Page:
An experiment was conducted to investigate the effects of using two different enzyme substrates on the performance of broilers fed peeled cassava root meal (PCRM), in a 3 x 3 factorial arrangement in a completely randomised design experiment. One hundred and eighty-nine broiler chicks aged 14 days were assigned to nine experimental diets where PCRM replaced maize at 0, 50 and 75 percent levels. The diets were formulated to be roughly isonitrogenous and isoenergetic containing starter (15-36 days; 24% CP, 2800 Kcal/kg-1 ME) and finisher (37-58 days; 21% CP, 2800 Kcal/kg-1 ME) and 200ppm of enzyme (Nutrase xyla and Roxazyme G) were added to the diets. Results indicated that Nutrase xyla and Roxazyme G supplementation increased ADFI in the starter and finisher phases at all levels of PCRM inclusion (P<0 .05="" 50="" an="" and="" at="" best="" cost="" diet="" diets="" dressed="" dry="" effect="" energy="" fcr="" feed="" finisher="" g="" gain.="" had="" in="" increase="" kg="" least="" matter="" metabolizable="" no="" nutrase="" of="" on="" pcrm="" per="" percentage="" phase="" positvely="" retention.="" roxazyme="" significant="" supplementation="" supplemented="" terms="" the="" there="" value="" was="" weight="" xyla="">0.05) on edible organs (heart and gizzard). It is concluded that enzyme supplementation on PCRM-based diet had tremendous beneficial effect on production parameters.

A serious competition exists between the feed industry and other channels in the food chain (especially man) over conventional feed ingredients such as maize and soyabean. This has resulted in the high cost and scarcity of these conventional feedstuffs. Poultry feed producers are thus faced with the task of finding alternative feedstuffs that will not compromise quality. The search for such alternatives has exercised Animal Nutritionists in Nigeria for over a decade (Onyimonyi and Okeke, 2002; Onyimonyi and

Onukwufor, 2003; Oke et al., 2005; Onyimonyi and Okeke, 2005; Tuleun et al., 2005).

Cassava, has been used as an alternative energy source and its inclusion in diets for poultry has been extensively studied (Tewe and Egbunike 1992, Eruvbetine 1995, Adegbola, 1977). Nigerian cassava production is by far the largest in the world; a third more than production in Brazil and almost double the production of Indonesia and Thailand. The Food and Agriculture Organization of the United Nations estimated 2002 cassava production in Nigeria to be approximately 34 million tonnes(FAO, 2004). The trend of cassava production reported by the Central Bank of Nigeria put the highest estimate of production at 37 million tonnes in 2000 (FMANR, 1997). The third series provided by (PCU, 2003) had the most conservative estimate of production at 28 million tonnes in 2002. Nigeria’s production was targeted at 40 million tonnes by 2005 and 60 million tonnes by 2020 (IITA, 2002).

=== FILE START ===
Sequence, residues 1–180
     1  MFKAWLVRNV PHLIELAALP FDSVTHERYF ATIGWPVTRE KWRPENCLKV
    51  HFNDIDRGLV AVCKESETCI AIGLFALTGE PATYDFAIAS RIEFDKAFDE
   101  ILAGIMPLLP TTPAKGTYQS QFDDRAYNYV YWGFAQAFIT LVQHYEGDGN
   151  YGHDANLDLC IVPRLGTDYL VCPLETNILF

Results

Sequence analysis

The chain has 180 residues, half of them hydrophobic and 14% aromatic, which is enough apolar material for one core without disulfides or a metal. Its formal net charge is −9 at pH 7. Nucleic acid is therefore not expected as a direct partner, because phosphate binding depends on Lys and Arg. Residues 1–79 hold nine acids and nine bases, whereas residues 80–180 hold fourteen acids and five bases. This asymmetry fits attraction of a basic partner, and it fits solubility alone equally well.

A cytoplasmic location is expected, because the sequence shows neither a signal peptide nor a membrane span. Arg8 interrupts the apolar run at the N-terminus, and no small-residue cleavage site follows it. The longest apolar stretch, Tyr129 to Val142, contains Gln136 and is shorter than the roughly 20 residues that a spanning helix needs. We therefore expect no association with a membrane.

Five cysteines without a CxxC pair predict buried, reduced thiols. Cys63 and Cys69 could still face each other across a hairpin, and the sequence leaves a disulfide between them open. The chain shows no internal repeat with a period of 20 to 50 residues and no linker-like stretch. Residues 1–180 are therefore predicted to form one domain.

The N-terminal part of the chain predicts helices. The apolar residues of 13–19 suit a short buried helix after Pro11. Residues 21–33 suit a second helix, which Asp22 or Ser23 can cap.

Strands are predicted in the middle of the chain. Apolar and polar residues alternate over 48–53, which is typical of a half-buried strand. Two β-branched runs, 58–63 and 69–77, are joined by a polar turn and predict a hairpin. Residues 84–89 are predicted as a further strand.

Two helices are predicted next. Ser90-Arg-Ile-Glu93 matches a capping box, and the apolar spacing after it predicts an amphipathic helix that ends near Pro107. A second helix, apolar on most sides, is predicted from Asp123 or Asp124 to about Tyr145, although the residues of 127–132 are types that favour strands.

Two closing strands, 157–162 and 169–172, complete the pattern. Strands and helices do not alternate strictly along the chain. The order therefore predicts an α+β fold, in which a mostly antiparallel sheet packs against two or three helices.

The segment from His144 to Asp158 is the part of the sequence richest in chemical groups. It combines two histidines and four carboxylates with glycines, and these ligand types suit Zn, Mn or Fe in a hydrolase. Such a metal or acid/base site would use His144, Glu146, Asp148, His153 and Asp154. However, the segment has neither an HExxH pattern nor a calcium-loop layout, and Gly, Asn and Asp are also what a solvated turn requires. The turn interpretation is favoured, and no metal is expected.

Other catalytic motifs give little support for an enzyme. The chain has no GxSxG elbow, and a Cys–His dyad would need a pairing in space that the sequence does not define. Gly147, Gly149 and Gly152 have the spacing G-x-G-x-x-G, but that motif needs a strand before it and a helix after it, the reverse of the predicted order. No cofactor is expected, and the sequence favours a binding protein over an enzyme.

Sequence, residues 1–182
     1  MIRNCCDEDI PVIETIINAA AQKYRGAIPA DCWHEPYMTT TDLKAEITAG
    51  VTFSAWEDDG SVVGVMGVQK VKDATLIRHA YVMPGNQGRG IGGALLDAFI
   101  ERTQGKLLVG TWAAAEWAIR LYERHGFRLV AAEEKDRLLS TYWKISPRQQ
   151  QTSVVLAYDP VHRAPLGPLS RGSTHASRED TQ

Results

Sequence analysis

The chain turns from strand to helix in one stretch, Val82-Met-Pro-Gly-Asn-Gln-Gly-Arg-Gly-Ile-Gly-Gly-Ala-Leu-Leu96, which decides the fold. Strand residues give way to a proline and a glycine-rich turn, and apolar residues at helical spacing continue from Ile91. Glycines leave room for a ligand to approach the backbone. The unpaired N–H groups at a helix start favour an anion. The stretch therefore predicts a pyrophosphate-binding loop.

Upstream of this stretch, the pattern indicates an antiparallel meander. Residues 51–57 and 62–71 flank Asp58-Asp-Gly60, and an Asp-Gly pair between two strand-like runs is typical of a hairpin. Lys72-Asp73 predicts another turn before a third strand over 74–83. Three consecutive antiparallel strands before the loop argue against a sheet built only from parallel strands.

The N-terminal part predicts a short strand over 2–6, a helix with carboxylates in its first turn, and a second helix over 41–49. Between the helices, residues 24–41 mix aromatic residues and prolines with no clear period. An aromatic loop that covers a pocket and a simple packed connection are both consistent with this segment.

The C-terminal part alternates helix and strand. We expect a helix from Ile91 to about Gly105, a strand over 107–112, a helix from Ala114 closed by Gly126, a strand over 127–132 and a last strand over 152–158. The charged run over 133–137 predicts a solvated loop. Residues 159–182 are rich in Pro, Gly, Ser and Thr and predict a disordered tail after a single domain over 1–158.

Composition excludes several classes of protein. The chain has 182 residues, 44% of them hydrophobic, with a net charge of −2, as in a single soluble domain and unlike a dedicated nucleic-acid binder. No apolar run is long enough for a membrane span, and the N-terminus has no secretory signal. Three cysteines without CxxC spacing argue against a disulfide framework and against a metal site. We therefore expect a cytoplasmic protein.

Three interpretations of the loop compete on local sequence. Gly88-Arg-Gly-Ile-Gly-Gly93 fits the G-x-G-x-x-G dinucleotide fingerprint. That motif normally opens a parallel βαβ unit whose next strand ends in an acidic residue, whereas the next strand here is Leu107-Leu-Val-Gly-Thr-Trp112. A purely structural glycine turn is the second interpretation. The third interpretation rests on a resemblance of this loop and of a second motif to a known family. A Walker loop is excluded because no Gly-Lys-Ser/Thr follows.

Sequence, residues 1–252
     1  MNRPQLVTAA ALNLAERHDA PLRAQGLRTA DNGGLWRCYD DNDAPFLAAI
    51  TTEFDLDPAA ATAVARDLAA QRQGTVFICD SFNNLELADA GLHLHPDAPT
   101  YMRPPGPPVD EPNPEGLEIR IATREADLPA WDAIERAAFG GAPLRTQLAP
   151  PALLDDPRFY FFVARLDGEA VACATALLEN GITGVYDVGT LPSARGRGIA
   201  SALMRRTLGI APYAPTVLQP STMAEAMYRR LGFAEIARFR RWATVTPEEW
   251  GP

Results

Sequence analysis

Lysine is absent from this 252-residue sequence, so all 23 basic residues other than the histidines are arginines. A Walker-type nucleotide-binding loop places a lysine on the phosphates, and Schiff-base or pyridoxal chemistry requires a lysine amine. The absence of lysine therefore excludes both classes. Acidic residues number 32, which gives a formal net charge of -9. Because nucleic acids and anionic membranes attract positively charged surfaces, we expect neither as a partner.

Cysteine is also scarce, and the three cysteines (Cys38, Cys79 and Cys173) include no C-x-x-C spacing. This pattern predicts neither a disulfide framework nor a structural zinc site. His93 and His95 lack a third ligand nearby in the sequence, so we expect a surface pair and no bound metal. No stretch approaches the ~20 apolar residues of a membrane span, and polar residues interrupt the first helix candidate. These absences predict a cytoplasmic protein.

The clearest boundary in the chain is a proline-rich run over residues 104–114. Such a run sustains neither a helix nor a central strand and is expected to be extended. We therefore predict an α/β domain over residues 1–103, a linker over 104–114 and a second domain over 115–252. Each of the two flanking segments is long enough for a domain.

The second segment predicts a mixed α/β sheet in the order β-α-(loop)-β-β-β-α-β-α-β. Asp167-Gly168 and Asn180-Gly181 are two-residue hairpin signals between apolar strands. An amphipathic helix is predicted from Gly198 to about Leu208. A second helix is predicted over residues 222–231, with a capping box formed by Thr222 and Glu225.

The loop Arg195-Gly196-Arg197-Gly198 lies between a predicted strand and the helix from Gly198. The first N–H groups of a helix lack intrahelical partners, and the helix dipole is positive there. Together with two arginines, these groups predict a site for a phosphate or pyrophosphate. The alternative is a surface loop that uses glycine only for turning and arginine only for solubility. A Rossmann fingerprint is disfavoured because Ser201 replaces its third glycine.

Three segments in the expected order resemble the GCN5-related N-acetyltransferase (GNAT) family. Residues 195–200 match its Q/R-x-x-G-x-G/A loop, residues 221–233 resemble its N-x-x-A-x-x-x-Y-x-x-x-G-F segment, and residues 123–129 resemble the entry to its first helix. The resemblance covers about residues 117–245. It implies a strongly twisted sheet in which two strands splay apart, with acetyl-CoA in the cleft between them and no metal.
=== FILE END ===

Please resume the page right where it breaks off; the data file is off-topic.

Nigeria, being the world’s largest producer of cassava should be able to utilize its vast potential to provide enough of the tuber, not only for human consumption, but also for animal feed, industrial use and export. In animal feed, it can be used as flour after being peeled or chipped with the peels and ground before use. Studies have shown that levels as high as 20% could be used in diets for layers (Tewe and Egbunike 1992) and 40% in broilers (Eruvbetine and Afolami, 1992) and 10% in replacement pullets (Eruvbetine et al., 2002). Onyimonyi and Okeke (2005) reported that 20 percent of the maize content of the diets of grower pigs can be replaced by cassava peelmeal without any deleterious effect on the carcass, organ characteristics and no pathological effects was observed.

The greatest limitation to the use of cassava for livestock feeds is its content of cyanogenic glucosides, linamarin and lotaustralin. Toxicity of cassava is caused by hydrocyanic acid (HCN) which is liberated when the glucoside is hydrolysed by the action of linamarase enzyme. The degree of toxicity depends upon the variety, ecological conditions for growth of the plant., the form of the product being fed and its processing technology (Coursey, 1973). The normal range of HCN in fresh cassava root is 15-400ppm (Rogers, 1963). It has long been established that the peel contains 5-10times the prussic acid content of the pulp (Oyenuga and Amazigo, 1957). Maner (1974) observed that pigs can tolerate 150-200ppm HCN on a fresh basis or 102 on a dry matter basis. Tewe and Iyayi (1989) reported that hydrocyanic content of sundried pulp and oven-dried pulp was 17.3-26.7ppm and 23.7-31.3ppm respectively. Where the HCN is below 100ppm, as in cassava flour or chips, cassava can be safely incorporated into rations as is allowed in the EEC(Delange and Ahluwalia, 1983).......

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